- Intermediality, Cultural Capital, and The Social Space of Immobility in Susanna Rowson's Rebecca
After Charlotte Temple, Susanna Rowson's Rebecca; or The Fille de Chambre is the most popular novel written by "the most prolific and widely read novelist of the United States' first half-century."1 First published in London in 1792 and again in Philadelphia and Baltimore in 1794, Rebecca would go through at least five more editions in America before 1835. Its circulation was substantial enough for Frank Luther Mott to include the novel in his list of early "best-sellers" or early American books of close to best-selling popularity, one of only twenty books in this decade which he feels deserve the distinction.2 The popularity of Rebecca as well as that of its author, its extended descriptions of revolutionary America, and its transatlantic publication and setting would seem to place the novel at the center of a number of scholarly interests. So it is surprising, to say the least, that Rebecca has not generated more critical consideration. The few references to the novel to date have either discussed its representation of the American Revolution in terms of Rowson's own life experience or have briefly noted the novel's representation of class.3 This essay seeks to expand on these observations by analyzing Rebecca's complex representation of social space.4 Rowson's fiction, as many scholars have noted, rarely recommends "class equality and social mobility" and Rebecca is certainly no exception.5 The various narrative trajectories contained within Rebecca contribute to the depiction of a social space marked by immobility and associated with the reproduction of an aristocracy whose legitimate form is characterized by liberality and taste. What makes the novel's depiction of immobility remarkable, however, is the degree to which it identifies the struggle between different forms of capital in the reproduction of this [End Page 223] social space.6 Rebecca examines the fluid relationship between cultural, social, and economic capital and genteel distinction with particular attention paid to cultural capital's relationship to mobility.7 The novel contrasts two forms of cultural capital—articulated within the text as fashion and taste—and endorses the latter since whatever mobility is associated with it works alongside, as opposed to independent of, prior institutions for genteel distinction.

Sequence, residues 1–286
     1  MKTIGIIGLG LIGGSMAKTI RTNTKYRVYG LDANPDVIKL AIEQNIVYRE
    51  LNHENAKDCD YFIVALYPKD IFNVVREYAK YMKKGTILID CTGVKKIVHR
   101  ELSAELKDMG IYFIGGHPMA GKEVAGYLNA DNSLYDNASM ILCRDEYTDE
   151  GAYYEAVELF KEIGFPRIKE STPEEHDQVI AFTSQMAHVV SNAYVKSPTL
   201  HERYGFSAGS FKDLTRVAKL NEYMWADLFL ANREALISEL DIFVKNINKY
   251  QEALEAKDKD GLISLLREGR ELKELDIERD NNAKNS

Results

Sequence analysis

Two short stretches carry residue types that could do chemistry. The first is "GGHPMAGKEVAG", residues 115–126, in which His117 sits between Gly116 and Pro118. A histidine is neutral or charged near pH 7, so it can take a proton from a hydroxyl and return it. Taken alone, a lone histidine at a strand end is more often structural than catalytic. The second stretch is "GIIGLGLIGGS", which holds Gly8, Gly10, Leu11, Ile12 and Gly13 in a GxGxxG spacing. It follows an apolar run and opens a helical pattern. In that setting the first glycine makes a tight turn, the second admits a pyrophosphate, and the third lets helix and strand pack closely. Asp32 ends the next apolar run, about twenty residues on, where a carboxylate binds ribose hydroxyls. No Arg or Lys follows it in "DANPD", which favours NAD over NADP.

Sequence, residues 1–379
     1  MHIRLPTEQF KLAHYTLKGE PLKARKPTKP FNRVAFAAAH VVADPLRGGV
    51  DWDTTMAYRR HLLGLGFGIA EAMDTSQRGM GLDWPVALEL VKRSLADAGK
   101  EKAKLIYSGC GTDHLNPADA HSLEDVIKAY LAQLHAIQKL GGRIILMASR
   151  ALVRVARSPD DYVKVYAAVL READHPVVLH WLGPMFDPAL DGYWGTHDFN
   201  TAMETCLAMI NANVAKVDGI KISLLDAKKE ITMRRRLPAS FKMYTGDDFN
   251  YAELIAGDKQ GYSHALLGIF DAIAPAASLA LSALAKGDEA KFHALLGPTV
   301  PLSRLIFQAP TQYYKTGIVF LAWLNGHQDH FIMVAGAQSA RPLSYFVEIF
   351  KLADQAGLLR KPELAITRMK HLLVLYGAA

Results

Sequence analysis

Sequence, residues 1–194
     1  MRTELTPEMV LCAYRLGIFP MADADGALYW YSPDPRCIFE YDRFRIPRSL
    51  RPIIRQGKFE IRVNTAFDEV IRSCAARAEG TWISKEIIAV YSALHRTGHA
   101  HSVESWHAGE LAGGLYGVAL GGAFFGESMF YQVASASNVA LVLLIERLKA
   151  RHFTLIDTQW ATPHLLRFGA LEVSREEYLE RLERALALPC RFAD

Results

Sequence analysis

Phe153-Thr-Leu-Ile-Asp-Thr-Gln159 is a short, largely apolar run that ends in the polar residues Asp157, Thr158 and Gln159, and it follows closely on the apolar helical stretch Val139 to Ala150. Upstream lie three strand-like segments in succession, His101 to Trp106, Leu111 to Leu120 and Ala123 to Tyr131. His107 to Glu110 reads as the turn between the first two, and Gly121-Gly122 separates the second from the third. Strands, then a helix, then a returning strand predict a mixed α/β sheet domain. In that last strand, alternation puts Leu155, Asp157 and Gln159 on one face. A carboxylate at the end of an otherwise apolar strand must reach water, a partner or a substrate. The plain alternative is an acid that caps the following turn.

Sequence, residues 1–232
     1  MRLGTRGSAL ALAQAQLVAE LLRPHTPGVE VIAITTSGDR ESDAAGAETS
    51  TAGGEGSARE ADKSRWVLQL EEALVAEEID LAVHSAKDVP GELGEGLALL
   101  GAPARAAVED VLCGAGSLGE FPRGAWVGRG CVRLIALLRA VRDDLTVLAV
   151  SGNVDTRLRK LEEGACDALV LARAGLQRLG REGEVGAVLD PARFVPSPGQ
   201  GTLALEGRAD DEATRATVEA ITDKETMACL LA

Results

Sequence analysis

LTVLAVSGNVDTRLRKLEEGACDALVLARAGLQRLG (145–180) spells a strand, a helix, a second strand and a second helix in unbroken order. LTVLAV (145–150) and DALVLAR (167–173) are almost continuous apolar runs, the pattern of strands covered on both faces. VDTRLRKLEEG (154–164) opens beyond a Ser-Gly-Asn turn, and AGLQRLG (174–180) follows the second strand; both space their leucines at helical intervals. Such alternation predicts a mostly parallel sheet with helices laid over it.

Rebecca's intermediality, I argue, is central to the imagination of this social space of immobility. By intermediality I refer to the intertextual use of one medium (such as painting) within another (such as prose fiction) or what Irina Rejewsky identifies as an "intermedial reference."8 In general, intermedial configurations are those "which have to do with a crossing of borders between media, and which therefore can be differentiated from intramedial phenomena as well as from transmedial phenomenon (i.e., the appearance of a certain motif, aesthetic, or discourse across a variety of different media)."9 Intermedial critical perspectives depart from traditional comparative approaches to the arts—which tend to conceive of the literary in temporal, the visual in spatial terms—in that they urge "the reader not to give preference to one medium or the other but to consider both."10 "Acknowledging intermediality as a constitutive element in fiction," Janet Aikins explains, "enables us to perceive that the reader of any verbal narrative is also a spectator to narrated action, and most especially so when in the presence of an actual 'iconotext,' a verbal narrative that makes use of an image, either by reference or allusion (real or imaginary) or explicitly, in the case of an illustrated edition."11 The sophisticated iconotextual practices of Rebecca necessitate moving beyond comparative approaches to the arts in order to understand the novel as a "vernacular form of representation" or "mixed media."12 In what follows, I demonstrate how the iconotextual practices of Rebecca address the problem that the downward distribution of culture to the middling poses for the symbolic capital of the aristocracy. The extensive intertextual references to portraiture in the novel, I contend, provide the occasion from which the proper disposition to culture and thus the proper relationship between cultural capital and mobility might be practiced.